Today Home Minister Amit Shah has tabled the Citizenship (Amendment) Bill in Rajya Sabha for its final passage. After a successful passage in Lok Sabha, the Bill has provoked widespread protests across the Northeast and several parts of India. Now it will witness a crucial test in Rajya Sabha.

However, it seems like Amit Shah will have a smooth sail in Rajya Sabha as well as the numbers stack up in favor of NDA. The Bill has faced violent protests in Northeast, with student organizations in Assam observing a bandh on Tuesday. Moreover, opposition parties, academics, and authors demanded an immediate withdrawal of the Bill saying it will divide the nation into two. 

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What is citizenship (Amendment), Bill?

The citizen amendment bill seeks to provide Indian nationality to six communities- Hindus, Christian, Sikhs, Parsis, Jains, and Buddhists fleeing hostility from Pakistan, Bangladesh, and Afghanistan. The recent bill amends the citizenship act, 1955 to make illegal migrants in the select categories eligible for citizenship.

What does the opposition say?

The opposition parties attacked the legislation as it leaves out Muslims and believes it is at odds with the Constitution, which does not differentiate between citizens on the basis of their faith.

Here are some tweets of opposition leaders opposing Citizen (Amendment) Bill 2019:

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Here is a pro CAB tweet from the BJP leader Rajyavardhan Rathore

Why are some Northeast states opposing the Bill?

The northeast states oppose the CAB owing to the fear that granting citizenship to foreign refugees will undermine the ethnic communities living in these regions. However, the government had formulated the provision of citizenship not leading to residency status in the smaller north-east states.

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Here is a comparison between Citizenship Amendment Bill 2016 and Citizen Amendment Bill 2019

The Citizenship (Amendment) Bill, 2016 (as passed by Lok Sabha)Citizenship (Amendment) Bill 2019
Eligibility for citizenship for certain illegal migrants:  The Act prohibits illegal migrants from acquiring Indian citizenship. Illegal migrants are foreigners who enter India without a valid passport or travel document or stay beyond the permitted time. 
  The Bill amended the Act to provide that Hindus, Sikhs, Buddhists, Jains, Parsis, and Christians from Afghanistan, Bangladesh and Pakistan will not be treated as illegal migrants.  In order to get this benefit, they must have also been exempted from the Foreigners Act, 1946 and the Passport (Entry into India) Act, 1920 by the central government.  The 1920 Act mandates foreigners to carry a passport, while the1946 Act regulates the entry and departure of foreigners in India.
  The Bill further stated from the date of its enactment, all legal proceedings pending against such an illegal migrant will be closed.
The Bill adds two additional provisions on citizenship to illegal migrants belonging to these religions from the three countries.  
  Consequences of acquiring citizenship:  The Bill says that on acquiring citizenship: (i) such persons shall be deemed to be citizens of India from the date of their entry into India, and (ii) all legal proceedings against them in respect of their illegal migration or citizenship will be closed.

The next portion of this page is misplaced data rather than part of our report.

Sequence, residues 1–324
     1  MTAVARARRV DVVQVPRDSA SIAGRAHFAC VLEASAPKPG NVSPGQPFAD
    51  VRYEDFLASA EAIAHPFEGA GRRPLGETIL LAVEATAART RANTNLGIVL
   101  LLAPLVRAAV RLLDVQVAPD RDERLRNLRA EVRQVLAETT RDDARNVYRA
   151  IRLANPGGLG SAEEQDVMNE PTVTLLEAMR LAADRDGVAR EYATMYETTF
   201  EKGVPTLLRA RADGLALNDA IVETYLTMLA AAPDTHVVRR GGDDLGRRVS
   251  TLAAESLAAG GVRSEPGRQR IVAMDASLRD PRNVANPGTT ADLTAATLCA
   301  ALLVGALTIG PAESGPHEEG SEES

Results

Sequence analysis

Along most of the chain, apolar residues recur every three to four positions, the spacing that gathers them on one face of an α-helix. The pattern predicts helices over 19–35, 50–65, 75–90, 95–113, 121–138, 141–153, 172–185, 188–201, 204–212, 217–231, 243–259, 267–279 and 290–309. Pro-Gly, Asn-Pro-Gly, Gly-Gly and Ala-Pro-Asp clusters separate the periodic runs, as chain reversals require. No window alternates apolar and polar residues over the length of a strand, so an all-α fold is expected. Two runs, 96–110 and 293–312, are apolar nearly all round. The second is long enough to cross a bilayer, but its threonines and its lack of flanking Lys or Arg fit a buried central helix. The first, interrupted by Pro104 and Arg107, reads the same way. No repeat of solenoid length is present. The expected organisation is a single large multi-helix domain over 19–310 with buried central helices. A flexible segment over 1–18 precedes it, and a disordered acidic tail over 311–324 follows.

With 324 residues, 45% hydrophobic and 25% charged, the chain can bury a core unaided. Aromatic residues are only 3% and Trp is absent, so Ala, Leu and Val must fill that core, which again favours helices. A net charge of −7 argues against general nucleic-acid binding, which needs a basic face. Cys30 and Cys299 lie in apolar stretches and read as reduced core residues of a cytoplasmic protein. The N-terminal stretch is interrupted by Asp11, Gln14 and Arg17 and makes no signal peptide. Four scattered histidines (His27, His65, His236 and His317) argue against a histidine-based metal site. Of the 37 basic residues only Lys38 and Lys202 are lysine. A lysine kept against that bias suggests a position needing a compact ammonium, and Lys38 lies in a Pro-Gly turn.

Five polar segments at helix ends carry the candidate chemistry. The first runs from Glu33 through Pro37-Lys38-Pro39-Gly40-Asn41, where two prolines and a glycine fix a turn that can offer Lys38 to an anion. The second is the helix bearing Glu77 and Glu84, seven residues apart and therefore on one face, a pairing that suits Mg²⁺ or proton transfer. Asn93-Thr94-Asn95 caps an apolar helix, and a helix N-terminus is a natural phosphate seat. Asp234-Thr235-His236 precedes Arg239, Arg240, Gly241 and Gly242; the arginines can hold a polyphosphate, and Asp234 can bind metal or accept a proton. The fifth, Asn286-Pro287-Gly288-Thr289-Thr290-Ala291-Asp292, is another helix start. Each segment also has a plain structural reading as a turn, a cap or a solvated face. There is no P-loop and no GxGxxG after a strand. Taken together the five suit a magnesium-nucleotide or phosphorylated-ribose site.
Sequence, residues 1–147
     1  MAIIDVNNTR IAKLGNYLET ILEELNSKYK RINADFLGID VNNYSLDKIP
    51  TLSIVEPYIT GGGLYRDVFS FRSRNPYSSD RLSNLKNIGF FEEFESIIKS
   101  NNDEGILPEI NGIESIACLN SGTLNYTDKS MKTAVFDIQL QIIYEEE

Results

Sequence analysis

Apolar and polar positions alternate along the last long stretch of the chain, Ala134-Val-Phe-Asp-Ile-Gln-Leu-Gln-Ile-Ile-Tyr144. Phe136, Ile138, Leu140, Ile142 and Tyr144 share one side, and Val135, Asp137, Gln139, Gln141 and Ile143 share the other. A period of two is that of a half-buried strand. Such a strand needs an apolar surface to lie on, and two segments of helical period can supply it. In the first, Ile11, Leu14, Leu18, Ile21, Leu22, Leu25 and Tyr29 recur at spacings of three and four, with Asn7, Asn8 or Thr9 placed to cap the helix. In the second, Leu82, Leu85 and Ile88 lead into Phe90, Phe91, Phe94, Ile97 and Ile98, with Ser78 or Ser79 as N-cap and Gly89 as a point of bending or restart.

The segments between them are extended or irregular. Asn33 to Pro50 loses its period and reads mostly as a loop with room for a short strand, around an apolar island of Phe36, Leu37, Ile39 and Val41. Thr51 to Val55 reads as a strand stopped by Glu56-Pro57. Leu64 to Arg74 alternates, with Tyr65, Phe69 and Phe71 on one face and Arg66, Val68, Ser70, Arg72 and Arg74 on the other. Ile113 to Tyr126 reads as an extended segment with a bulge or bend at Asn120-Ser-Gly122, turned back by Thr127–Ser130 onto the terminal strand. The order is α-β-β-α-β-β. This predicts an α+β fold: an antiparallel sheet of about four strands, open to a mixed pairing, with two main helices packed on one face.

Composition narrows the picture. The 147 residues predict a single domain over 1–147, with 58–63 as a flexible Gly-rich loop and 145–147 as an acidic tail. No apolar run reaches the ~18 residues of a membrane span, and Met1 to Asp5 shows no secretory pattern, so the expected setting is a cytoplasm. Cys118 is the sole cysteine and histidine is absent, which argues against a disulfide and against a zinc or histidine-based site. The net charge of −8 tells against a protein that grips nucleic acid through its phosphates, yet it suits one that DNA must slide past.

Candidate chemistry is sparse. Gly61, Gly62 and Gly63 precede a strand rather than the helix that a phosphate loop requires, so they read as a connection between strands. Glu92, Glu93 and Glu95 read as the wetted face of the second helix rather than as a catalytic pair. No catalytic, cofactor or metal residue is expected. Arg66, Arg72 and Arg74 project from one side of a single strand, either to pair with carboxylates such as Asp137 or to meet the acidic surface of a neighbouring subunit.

Exception:  Further, the Bill adds that the provisions on citizenship for illegal migrants will not apply to the tribal areas of Assam, Meghalaya, Mizoram, or Tripura, as included in the Sixth Schedule to the Constitution.  These tribal areas include Karbi Anglong (in Assam), Garo Hills (in Meghalaya), Chakma District (in Mizoram), and Tripura Tribal Areas District.  It will also not apply to the areas under the Inner Line” under the Bengal Eastern Frontier Regulation, 1873.  The Inner Line Permit regulates visit of Indians to Arunachal Pradesh, Mizoram, and Nagaland.   
Citizenship by naturalization:  The Act allows a person to apply for citizenship by naturalization if the person meets certain qualifications. One of the qualifications is that the person must have resided in India or been in central government service for the last 12 months and at least 11 years of the preceding 14 years. The Bill created an exception for Hindus, Sikhs, Buddhists, Jains, Parsis, and Christians from Afghanistan, Bangladesh, and Pakistan, with regard to this qualification. For these groups of persons, the 11 years’ requirement will be reduced to six years.The Bill further reduces the period of naturalization for such a group of persons from six years to five years.
Grounds for canceling OCI registration
The Act provides that the central government may cancel registration of OCIs on five grounds including registration through fraud, showing disaffection to the Constitution, engaging with the enemy during war, necessity in the interest of sovereignty of India, security of state or public interest, or if within five years of registration the OCI has been sentenced to imprisonment for two years or more. The Bill added one more ground for canceling the registration, that is if the OCI has violated any law that is in force in the country. 
  When the Bill was passed in Lok Sabha, this was amended to limit the disqualification to violations of the Citizenship Act or of any other law so notified by the central government.  Also, the cardholder has to be given an opportunity to be heard. 
Same as the 2016 Bill passed by Lok Sabha.

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